The small forward is the middle man. He has the speed and athletic flexibility to play the shooting guard position well, but also has enough strength to handle spurts at the bigger power forward position we'll look at next. Players at the small forward position are often strong defenders, solid inside scorers and rebounders, and occasionally long range marksmen.
On every team there has to be at least one member who can not only do their own job well, but also act as reinforcement for the rest of the team. That’s a small forward in a nutshell. This position sits at an intersection between the other four positions, and can play on either side comfortably. In terms of a UX team, this position would be the front-end developer.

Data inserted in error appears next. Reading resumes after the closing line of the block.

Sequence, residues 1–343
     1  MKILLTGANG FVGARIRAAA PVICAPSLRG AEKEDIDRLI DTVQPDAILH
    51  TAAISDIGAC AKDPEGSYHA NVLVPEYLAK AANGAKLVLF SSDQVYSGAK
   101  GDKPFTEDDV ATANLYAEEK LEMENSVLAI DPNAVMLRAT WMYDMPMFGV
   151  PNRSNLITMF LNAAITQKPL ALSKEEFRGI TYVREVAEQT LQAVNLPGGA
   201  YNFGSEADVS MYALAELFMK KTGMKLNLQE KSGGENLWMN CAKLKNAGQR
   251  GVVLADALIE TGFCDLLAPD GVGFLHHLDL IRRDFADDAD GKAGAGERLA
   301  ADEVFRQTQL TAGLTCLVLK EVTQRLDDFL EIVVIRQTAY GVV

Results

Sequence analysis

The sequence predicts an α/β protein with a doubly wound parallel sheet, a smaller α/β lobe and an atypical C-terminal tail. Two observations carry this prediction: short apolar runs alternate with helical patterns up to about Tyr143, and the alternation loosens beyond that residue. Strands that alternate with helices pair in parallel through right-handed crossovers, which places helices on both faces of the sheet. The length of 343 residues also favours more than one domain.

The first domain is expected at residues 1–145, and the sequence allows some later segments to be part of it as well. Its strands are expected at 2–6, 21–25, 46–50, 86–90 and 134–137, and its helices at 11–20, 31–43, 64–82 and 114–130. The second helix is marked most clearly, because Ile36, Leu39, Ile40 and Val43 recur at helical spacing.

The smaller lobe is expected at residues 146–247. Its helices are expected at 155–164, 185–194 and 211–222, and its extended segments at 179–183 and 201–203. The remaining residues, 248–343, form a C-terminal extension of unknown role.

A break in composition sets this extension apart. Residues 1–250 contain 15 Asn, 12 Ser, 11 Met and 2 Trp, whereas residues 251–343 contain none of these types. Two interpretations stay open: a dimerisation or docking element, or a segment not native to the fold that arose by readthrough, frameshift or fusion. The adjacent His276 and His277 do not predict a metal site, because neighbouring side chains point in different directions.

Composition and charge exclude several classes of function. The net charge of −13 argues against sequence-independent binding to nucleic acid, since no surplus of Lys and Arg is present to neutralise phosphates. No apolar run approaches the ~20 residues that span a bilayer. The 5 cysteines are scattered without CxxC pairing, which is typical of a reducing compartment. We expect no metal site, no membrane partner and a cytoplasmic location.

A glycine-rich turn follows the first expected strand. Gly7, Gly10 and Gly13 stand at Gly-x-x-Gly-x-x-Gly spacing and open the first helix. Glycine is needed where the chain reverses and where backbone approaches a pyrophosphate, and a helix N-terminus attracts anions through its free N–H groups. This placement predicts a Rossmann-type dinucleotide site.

This is partly because the position of front-end developer is hard to define, as the skill set associated with it continues to grow. For the most part, front-end devs are expected to be strong coders, to have a good eye for design and knowledge of design principles, and to understand server-side languages at a junior level. While this seems like way too much for one person to handle, this varied skillset lets people in this role have a fuller understanding of the project.
This kind of broad understanding is especially important once things move from design to development. A front-end dev can easily look over creative work and pinpoint issues that might arise crossing over from comp to code, ensuring an easy-to-understand backend connection through skillful architecture.